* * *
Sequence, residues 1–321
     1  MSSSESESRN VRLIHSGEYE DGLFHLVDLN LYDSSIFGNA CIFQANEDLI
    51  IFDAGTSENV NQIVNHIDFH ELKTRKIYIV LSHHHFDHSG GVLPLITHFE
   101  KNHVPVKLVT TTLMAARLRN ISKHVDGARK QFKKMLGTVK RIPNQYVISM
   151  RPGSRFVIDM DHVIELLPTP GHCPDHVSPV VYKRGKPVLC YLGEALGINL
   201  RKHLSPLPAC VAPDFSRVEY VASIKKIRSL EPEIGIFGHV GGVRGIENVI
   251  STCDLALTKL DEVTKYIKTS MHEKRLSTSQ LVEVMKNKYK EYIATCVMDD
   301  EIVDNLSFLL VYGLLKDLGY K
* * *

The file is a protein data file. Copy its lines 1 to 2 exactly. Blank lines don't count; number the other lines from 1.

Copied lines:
Sequence, residues 1–321
     1  MSSSESESRN VRLIHSGEYE DGLFHLVDLN LYDSSIFGNA CIFQANEDLI